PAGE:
Virgin Hyperloop has become a leading company in making the futuristic transportation system a reality. Recently, it laid off 111 workers which is nearly half its staff, for those keeping count.
The company is concentrating its resources on sending cargo rather than passengers through vacuum tubes at speeds of up to 670 mph.
This change has jeopardized the dream of the company to massively reduce travel times between cities while speeding inside Hyperloop pods. Virgin Hyperloop is the only company to have actually tested the concept in the real world so far.
Last year, the company revealed what this experience would look like. However, now that seems obsolete.
“It really has more to do with global supply chain issues and all the changes due to COVID,” the company told the FT, adding that “these types of decisions are never taken lightly.”
The company is now hoping to enter the freight market, moving cargo at airspeeds but on the ground.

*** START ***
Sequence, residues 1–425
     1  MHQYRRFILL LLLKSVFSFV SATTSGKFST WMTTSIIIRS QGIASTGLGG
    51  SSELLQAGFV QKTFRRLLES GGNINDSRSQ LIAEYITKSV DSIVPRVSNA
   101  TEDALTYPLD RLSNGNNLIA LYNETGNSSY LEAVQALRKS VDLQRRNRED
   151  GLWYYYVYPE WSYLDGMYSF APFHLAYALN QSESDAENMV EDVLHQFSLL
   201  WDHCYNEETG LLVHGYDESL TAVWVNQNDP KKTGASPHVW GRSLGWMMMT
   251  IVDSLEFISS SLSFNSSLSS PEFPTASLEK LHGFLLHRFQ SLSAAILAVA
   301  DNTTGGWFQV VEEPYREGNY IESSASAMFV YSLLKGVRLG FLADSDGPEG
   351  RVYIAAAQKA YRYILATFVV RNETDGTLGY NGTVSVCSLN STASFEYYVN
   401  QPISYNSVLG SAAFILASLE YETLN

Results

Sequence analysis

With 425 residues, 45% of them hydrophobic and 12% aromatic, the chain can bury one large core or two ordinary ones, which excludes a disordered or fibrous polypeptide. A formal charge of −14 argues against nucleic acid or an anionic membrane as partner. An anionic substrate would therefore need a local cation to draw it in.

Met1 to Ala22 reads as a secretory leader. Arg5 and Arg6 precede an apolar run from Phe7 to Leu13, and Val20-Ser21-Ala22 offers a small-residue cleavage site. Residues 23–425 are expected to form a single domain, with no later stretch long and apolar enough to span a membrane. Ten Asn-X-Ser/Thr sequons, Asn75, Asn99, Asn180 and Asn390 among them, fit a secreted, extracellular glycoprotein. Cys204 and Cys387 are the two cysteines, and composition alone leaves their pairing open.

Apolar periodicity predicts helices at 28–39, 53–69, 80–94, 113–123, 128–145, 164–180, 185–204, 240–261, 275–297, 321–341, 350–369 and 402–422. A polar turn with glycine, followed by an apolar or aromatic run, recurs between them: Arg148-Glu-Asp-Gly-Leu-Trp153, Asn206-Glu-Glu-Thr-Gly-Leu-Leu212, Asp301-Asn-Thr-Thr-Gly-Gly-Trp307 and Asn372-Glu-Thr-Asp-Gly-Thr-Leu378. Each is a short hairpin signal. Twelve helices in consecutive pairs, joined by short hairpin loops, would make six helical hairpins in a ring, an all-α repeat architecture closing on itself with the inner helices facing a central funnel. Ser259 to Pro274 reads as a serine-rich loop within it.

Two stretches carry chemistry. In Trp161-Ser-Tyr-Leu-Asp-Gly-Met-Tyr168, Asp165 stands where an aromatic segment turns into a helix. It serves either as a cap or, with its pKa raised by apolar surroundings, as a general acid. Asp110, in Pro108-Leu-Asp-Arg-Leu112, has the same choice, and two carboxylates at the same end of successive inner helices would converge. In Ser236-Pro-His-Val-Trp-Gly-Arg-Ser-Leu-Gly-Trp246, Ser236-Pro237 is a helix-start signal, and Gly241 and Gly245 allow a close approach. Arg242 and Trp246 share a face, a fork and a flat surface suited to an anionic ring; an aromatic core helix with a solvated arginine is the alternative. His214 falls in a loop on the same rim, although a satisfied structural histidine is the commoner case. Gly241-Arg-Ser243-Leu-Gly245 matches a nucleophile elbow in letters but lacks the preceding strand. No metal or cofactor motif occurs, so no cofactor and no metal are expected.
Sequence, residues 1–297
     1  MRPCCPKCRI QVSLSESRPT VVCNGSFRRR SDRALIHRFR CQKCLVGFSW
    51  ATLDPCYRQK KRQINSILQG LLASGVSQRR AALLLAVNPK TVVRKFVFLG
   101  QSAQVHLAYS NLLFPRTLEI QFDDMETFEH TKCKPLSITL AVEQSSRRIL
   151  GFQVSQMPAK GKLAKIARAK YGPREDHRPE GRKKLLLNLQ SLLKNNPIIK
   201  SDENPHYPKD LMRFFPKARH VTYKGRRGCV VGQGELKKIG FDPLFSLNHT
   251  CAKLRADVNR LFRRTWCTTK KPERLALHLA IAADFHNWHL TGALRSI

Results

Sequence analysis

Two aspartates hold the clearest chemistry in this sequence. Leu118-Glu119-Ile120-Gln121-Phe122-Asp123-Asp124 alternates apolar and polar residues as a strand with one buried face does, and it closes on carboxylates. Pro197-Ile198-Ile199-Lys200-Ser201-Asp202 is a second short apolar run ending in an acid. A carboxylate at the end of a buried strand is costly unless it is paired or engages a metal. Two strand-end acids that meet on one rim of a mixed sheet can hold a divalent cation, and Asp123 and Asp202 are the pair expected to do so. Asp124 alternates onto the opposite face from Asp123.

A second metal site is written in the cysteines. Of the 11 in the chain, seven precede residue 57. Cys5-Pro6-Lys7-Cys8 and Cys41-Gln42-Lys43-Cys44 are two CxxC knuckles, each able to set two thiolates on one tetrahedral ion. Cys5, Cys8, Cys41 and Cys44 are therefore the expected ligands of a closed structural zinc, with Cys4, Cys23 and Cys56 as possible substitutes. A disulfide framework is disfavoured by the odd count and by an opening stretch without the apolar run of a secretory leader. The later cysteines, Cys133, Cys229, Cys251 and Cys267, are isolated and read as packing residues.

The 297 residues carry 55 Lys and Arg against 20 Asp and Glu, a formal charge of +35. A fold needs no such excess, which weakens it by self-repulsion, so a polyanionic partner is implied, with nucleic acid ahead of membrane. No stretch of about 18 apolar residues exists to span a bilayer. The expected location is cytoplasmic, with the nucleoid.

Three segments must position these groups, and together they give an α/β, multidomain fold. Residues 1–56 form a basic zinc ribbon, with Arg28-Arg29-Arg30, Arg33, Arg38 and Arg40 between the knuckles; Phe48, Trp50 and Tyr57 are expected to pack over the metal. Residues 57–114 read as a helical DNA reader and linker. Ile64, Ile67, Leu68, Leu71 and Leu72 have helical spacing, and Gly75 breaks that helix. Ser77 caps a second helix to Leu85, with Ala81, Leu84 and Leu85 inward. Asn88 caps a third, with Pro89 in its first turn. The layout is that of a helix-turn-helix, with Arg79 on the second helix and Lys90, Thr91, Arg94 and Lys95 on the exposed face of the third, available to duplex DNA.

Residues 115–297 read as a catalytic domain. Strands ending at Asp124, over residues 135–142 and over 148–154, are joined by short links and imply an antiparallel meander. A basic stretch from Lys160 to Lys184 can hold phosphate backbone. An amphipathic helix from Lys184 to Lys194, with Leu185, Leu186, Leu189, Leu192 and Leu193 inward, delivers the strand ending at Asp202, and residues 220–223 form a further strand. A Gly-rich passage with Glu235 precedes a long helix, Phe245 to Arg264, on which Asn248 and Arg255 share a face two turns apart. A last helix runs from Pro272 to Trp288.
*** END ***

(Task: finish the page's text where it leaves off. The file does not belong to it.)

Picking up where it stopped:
The news comes after the company saw a “massive talent flight,” triggered by the departure of cofounder Josh Giegel last year. One former employee told the FT that “morale is low and there is no confidence in the new direction.”
Investors believe sending cargo through the vacuum tubes makes more sense, at least in the short term.
“Focusing on pallets is easier to do — there is less risk for passengers and less of a regulatory process,” DP World, an Emirati government-owned cargo logistics company that holds a majority stake in Virgin Hyperloop, told the FT in a statement.
DP World is already working on a “Cargospeed” system, which is aimed at moving cargo via Hyperloop-like tubes.